It really distresses me how little average Americans—even supposedly intelligent, college-educated people—know about the political process and the very serious social and economic issues that confront our nation and the world. I always loved the following quote from Thomas Jefferson, because it seems self-evidently true: “I know of no safe depository of the ultimate powers of the society,” he wrote, “but the people themselves; and if we think them not enlightened enough to exercise their control with a wholesome discretion, the remedy is not to take it from them but to inform their discretion.”
Americans need to be educated about the issues, if we are to become a citizenry that has the wisdom and the understanding to govern itself, and if we are to avoid slipping even further away from the democratic ideals of our Founding Fathers. The first step in this process, I believe, is to clarify where we stand on the issues and to assess which candidates running for political office have positions most in line with our own.
Recently, Meritta Cullinan, a colleague in the Sociology Department at Molloy, sent me a link to an on-line survey that in a very simple way attempts to do just that:
It took me about 3 minutes to do the survey and the results were somewhat surprising in my case:
Apparently, the candidate whose views on the issues are closest to my own is someone I didn’t even know was running for President, and whose party I didn’t even know existed until now—RockyAnderson of the Justice Party.
In an ideal society, the Rocky Andersons, the Jill Steins, and the Gary Johnsons of this world would have at least the possibility of becoming President, because there are an awful lot of Americans whose political views are probably more in line with those of these candidates than they are with those of Barack Obama or Mitt Romney. But the two major parties seem to have the system completely locked up. They have all the funding, they have access to all the advertising, they even control our presidential debates, so that third party candidates can’t even get their views heard by the American people. We essentially have a two party political system that exists almost exclusively to prevent any other political voices from ever being heard.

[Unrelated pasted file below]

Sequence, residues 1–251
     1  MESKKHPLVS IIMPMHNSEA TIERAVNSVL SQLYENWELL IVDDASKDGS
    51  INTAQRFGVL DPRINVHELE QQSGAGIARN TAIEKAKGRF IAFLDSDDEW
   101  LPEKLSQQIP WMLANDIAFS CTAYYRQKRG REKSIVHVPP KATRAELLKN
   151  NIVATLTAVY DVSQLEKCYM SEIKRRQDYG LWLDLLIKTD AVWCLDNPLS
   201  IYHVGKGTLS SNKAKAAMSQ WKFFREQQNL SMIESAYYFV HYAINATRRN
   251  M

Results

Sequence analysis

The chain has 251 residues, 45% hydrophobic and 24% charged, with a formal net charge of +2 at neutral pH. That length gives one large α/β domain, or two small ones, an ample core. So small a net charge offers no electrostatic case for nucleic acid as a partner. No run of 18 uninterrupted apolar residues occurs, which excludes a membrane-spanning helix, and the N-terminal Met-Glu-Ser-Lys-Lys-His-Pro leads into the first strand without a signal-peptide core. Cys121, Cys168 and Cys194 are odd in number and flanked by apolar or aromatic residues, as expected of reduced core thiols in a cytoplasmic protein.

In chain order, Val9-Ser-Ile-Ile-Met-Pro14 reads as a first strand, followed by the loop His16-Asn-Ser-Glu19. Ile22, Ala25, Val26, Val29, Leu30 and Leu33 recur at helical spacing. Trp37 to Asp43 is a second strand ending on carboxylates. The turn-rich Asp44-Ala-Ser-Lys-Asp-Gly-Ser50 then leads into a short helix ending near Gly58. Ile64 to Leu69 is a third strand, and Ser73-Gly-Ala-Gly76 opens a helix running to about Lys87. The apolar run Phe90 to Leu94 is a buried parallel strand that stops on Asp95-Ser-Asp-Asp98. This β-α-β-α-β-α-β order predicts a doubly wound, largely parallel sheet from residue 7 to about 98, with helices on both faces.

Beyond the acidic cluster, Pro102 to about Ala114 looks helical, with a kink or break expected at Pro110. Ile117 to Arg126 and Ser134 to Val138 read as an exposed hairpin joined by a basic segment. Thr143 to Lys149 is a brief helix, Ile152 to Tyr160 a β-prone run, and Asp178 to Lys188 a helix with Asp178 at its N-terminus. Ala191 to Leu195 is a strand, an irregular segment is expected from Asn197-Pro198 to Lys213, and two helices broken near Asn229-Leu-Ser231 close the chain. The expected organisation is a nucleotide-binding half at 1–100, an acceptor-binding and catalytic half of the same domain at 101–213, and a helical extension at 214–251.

But it doesn’t have to be that way. And the first step, as I’ve already indicated, is to clarify your own views on the issues and look for candidates who share your own values and ideals. The second step is to stop worrying so much about “electability,” because if you feel compelled to support someone whose values and ideals are not in synch with your own, you will always be disappointed in the end.
If you’ve read any of my previous posts on the 2012 election, you know who I feel compelled to vote for in November. But in this election, I’m basically voting against a party that I believe has such horrific positions on the economy, the environment, and civil liberties that I almost have no choice but to support the other guy and his lame-ass party. In a sense, I’m voting to stop what I consider to be moral evil, and that is what’s driving me right now. But I have absolutely no regrets voting throughout the years for Green Party candidates like Ralph Nader and “Grandpa” Al Lewis, because I know that my vote was for a candidate I could truly believe in.
In a few weeks each of us will have to step into the election booth and make our own choice about who we will be supporting for President. In preparation for this act of civic engagement, I’d strongly encourage you to take the “On The Issues”survey to see who your ideal candidate might be. If you’re interested in exploring your own political leanings in a more involved way, I’d invite you to spend a little more time going through the excellent "Political Compass" survey that is also available for free on-line.
The worst that could happen is that you spend five minutes of your life and realize that the candidate you were planning to vote for anyway is the one most in line with your own positions on the issues. But, like me, you may just be surprised at the results you receive. And these results might even inspire you to start questioning your allegiance and loyalty to candidates and parties whose positions on the issues may in fact be quite far removed from your own.